More than a decade since first lighting up the black, white and gold with flick passes and sidesteps to make a grown man weep, Benji Marshall says he is contributing more than ever to the Wests Tigers cause.
Marshall's first coming at the Tigers delivered the joint-venture's only title when he was just 20, with hours of highlights to boot as the most electrifying player of his generation.
He is now 33 and several yards slower across paddock, but miles ahead between the ears. Last year at Brisbane his job was to impart his lessons learned on developing stars Anthony Milford and Ben Hunt.
Now at Concord, Josh Reynolds' unfortunate run of injuries has given Marshall a regular crack in the halves alongside Luke Brooks.
And he in turn has produced what he dubs a more valuable feather for Ivan Cleary's cap, the on-field mentoring and game management that has unlocked Brooks' best and a surprise 6-2 start.
''I played a leadership role at Brisbane last year but I didn't get to contribute on the field as much as I wanted or thought I could,'' Marshall said.
''Coming back here I told Ivan that I wanted to contribute on the field. As much as everyone is talking about being a mentor for the young guys, I'd do that for anyone. My priority is playing.
"Coming back here they've embraced me to play how I play. Sure, it's not like it was in '05 or '08. But I feel like I'm contributing more now than I did back then.
''I was doing one-off things back then. In terms of a whole 80-minute game, I feel like I'm contributing more now.''
Marshall isn't thinking about 2019 yet or talking to the club about one more year, even if others are.
Likewise the prospect of NRL coaching, even if he waxes lyrical about halves mentoring getting the best out of his own game as well as theirs.
''I learned a lot about game management at the Dragons and I had to preach it at the Broncos to the young guys, doing stuff with our kicking game and showing them kicking plans,'' he says.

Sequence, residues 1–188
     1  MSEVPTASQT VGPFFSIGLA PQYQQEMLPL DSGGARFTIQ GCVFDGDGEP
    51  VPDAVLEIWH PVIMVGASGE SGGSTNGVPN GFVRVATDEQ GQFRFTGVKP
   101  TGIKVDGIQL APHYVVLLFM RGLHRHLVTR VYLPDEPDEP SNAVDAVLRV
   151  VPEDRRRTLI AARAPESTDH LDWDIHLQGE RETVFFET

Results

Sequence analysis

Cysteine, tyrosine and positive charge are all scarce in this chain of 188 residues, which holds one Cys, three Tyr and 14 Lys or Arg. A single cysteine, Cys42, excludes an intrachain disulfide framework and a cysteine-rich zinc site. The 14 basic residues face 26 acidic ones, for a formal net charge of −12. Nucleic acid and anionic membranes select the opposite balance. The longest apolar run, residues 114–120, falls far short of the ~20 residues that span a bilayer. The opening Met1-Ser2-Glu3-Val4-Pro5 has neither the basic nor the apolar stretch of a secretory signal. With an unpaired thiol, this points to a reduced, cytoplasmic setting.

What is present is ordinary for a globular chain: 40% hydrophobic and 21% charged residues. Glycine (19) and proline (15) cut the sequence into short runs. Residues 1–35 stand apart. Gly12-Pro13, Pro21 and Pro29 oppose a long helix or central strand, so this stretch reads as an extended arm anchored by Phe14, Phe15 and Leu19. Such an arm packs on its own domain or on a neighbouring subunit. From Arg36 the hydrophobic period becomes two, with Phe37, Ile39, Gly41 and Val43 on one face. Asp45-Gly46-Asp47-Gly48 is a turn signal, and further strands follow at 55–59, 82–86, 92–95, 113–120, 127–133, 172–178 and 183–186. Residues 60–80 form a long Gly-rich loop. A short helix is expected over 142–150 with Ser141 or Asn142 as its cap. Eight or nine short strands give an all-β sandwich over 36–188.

''When you preach it you have to act it. When I came here, it's the same thing.
"Myself and Brooksy go through what we're going to do together before the game. When you talk about it, you have to act it out, you can't just say it and not do it yourself.
''I feel like I contribute more in terms of helping Brooksy relax, building pressure, taking the pressure off. I never used to think about building pressure. I just wanted to score all the time.''
Sunday's clash with the Eels is a poignant one for Marshall. Four years ago he returned to rugby league after his ill-fated foray in the 15-man game.
That day reigning wooden spooners Parramatta thumped the Dragons 36-0, Marshall had a shocker and it proved Steve Price's last outing as the club's coach.
Rebuilding, redefining his game didn't happen overnight. It happened over two clubs, from Wollongong to Red Hill, with Marshall watching the never-ending cycle of Tigers dramas from afar.
''I always wanted to come back and help,'' Marshall says.
''That was one of the points I made to Ivan; that I wanted to get this club back to where it belongs and be back in a positive light. We always had a positive light around this club.
''To see the negativity of the last few years was hard to watch. You can see the players drown in that on the field. It happens at every club when things happen up high they effect things below.''
Marshall's story has come full circle, back to Concord once more. And if this is the last chapter, and the on-field contributions do come to an end?
''I'm content coming back and giving it everything I can for this jersey,'' he says.
"I will let that take care of itself. If I'm playing well enough and my body is feeling great, hopefully [the club] will come to me.
''If it's not, it's not. I'll make sure we go out playing semi-final footy.''